Mambo Cogliano: Ducks’ forward signs four-year extension

When Andrew Cogliano joined the Anaheim Ducks in 2011, he was straight-up, Charles Barkley ‘turrible’. So why would the Ducks give him a four-year, $12-million total contract extension years later? His story is a tale of redemption, my friends.

Cogliano was traded from Edmonton prior to the 2011-12 to be the third line center behind Ryan Getzlaf and Saku Koivu and a penalty killer despite performing poorly at both for the Oil. Makes total sense, right?

From a December 17, 2011 post-game recap on Anaheim Calling:

Andrew Cogliano might be a worse center than Bobby Ryan. 3 wins and 10 losses on the face off dot for a whopping 23%. I am beginning to lose patience with Cogs.

At this point in the 2011-2012 season, the Ducks were reeling having replaced Randy Carlyle with Bruce Boudreau about two weeks earlier. Boudreau had a double disadvantage: he was coming from the Eastern Conference and magically there were no coach’s tapes left for him and his staff. He knew next-to-nothing about his new troops and kept Cogliano at center.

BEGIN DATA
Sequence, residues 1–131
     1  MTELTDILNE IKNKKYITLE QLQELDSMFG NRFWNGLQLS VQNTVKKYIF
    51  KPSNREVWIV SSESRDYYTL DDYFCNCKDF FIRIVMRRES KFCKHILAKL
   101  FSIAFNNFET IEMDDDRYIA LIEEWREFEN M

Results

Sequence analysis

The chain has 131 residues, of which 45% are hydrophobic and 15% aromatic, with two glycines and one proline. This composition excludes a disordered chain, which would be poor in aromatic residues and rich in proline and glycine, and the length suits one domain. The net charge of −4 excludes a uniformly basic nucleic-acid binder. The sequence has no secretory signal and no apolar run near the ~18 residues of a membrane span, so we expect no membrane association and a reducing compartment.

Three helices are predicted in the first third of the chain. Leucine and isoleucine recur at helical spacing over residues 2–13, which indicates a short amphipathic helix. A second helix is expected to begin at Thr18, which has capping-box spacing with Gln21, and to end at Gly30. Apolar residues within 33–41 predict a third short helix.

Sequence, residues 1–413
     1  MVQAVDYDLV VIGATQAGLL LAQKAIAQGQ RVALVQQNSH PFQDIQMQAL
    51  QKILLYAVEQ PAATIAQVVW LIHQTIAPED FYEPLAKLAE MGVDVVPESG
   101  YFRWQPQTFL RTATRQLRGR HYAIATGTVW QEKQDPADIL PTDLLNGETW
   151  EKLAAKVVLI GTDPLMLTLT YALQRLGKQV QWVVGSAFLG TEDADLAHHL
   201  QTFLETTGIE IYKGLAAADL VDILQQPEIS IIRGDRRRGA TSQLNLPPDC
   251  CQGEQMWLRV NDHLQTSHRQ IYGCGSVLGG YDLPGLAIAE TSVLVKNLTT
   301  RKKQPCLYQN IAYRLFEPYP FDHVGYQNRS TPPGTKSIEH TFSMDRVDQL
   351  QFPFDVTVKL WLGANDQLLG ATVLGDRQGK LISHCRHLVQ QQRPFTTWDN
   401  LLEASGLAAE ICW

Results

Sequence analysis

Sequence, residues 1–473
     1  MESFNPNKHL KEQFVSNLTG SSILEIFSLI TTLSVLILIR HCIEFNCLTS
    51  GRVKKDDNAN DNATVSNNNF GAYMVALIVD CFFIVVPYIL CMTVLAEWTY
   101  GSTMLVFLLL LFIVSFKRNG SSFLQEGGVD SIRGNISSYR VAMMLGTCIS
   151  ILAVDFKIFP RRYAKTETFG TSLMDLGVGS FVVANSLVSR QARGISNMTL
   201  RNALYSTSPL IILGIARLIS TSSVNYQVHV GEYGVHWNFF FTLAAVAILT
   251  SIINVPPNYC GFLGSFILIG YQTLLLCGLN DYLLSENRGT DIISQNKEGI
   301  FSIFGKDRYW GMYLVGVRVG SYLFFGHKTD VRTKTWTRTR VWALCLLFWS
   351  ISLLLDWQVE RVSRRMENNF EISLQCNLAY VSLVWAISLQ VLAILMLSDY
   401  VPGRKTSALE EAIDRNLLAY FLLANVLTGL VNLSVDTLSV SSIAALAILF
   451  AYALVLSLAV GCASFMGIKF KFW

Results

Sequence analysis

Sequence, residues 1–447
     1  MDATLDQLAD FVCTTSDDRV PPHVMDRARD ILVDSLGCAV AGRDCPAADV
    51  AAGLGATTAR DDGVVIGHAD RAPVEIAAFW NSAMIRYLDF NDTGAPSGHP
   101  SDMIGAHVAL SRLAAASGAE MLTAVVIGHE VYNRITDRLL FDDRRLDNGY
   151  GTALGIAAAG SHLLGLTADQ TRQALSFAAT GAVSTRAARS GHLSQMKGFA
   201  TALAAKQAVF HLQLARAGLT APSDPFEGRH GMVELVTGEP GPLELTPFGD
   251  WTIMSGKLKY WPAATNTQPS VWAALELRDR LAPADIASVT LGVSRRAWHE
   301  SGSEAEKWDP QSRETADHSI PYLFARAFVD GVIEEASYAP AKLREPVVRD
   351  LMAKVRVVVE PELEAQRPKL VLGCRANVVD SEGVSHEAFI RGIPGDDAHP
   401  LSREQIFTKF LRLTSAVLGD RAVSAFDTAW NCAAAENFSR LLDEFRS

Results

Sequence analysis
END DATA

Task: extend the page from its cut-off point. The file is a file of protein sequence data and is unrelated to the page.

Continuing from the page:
It took a while for the ‘move Cogliano to wing’ light-switch to go off with the Ducks coaching staff, but when it did, his career began to swing upwards.

In the lockout shortened season, Cogliano was moved to wing on the third line with Saku Koivu and Daniel Winnik. This new line combination was an instant success. Not exaggerating – they combined for two goals and four assists in the first game, a 7-3 win over Calgary.

At the end of the regular season, Cogs was seventh on the Ducks in scoring with 23 points; he was third in goals at 13 (more goals than Bobby Ryan’s 11), behind only Getzlaf and Corey Perry with 15 goals each; and was second to Getzlaf in shorthanded goals with two. The stats may not have been off the charts but it was – by far – the best season of his career.

This season is shaping up to be even better for Cogliano. His shut-down/checking line with Winnik and Koivu is the Ducks most consistent grouping. Andrew and his speed is an essential part of the Ducks penalty kill. He continues to be an iron man, having not missed a single tilt in his 501 game NHL career. He’s already surpassed his point total for last season. Plus you know things are going well when you get a stinger and score a goal without even trying:

(S/t to Derek Zona at Copper & Blue for the punny Mambo Cogliano.)

Follow Jen Neale on Twitter @MsJenNeale_PD